Chapter 79: Fragments
Ember was in Candlekeep, standing in front of the library door, but it was not the Candlekeep she remembered.
This Candlekeep was barren. No trees hugged the walls. Not a single blade of grass grew on the grounds around the library. The water in the pools had been replaced with gaping holes into the void that echoed the black, empty sky above.
"Do you remember these doors?" a familiar voice asked; Imoen was standing beside her, still dressed in the rags she'd worn in the dungeon, her eyes fixed on the library door. "I remember, I think... Yes, this was home for so long, but it is too late to go back. They wouldn't have you now. They wouldn't have me. Had no use..." Her voice trailed off, and she shook her head. "Someone else does. He wants something. I don't know why. Those in the cowls don't even know. Why don't I know?"
Ember opened her mouth, but when she tried to speak, no words came out. Imoen didn't seem to notice, and wandered off towards a barren patch that used to be covered by sweetmint and ivy. A robed figure - was it a statue? - stood there, staring straight ahead with lifeless, unmoving eyes. Ember's heart wrenched as she recognized her foster father's face.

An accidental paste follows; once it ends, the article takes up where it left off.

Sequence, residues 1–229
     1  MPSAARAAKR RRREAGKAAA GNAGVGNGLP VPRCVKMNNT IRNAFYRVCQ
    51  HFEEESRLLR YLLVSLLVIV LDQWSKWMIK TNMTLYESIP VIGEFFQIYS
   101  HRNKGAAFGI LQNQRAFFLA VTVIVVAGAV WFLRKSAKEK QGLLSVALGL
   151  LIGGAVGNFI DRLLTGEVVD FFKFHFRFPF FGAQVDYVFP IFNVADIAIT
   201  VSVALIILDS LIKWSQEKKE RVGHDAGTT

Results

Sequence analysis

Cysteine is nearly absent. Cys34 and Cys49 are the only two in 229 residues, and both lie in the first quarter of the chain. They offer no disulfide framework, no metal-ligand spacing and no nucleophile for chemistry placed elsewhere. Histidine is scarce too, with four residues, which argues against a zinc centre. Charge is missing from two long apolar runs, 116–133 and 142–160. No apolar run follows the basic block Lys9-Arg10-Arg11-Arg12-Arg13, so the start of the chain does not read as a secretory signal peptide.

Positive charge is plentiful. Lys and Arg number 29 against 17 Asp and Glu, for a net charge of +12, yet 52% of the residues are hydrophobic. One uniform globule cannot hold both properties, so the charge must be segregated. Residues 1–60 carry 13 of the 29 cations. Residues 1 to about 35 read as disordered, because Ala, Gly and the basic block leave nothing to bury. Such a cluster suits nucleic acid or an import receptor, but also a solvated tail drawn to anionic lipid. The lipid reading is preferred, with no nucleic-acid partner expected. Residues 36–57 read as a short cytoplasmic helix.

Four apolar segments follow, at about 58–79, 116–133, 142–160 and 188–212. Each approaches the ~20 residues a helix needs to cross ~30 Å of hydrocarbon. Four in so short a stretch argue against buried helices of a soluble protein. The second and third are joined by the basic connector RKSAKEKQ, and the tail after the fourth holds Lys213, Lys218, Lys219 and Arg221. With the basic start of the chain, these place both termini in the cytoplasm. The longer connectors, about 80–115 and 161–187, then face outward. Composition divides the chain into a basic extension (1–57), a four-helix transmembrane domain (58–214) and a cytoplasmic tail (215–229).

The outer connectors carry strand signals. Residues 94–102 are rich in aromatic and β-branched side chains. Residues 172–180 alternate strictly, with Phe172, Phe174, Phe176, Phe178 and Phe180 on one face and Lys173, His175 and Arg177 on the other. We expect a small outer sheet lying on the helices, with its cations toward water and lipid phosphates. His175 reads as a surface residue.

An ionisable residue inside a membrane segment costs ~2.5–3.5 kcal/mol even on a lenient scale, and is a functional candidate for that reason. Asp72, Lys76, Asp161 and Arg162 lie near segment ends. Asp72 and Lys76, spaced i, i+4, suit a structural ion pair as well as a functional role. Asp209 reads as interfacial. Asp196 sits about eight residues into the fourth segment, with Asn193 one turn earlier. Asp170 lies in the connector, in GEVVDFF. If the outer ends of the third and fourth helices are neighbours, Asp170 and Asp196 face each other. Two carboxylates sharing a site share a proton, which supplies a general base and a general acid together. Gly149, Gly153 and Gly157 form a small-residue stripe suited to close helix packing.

"Do you remember Gorion? Or the others?" Imoen asked. "I think I do. They were the guidance, and there was much more to learn, but it is too late now. They are so far away..." She seemed to sigh. "Memories should stay, but he digs deeper... pushes everything aside..."
The statue of Gorion shattered, leaving only small piles of rubble behind. Ember screamed, soundlessly.
Imoen walked onwards, perfectly calm and quiet. Ember followed her to another statue that stood where Ember's favourite tree should have been. The statue was of a tall, hulking man, dressed in spiked armour and holding a massive sword.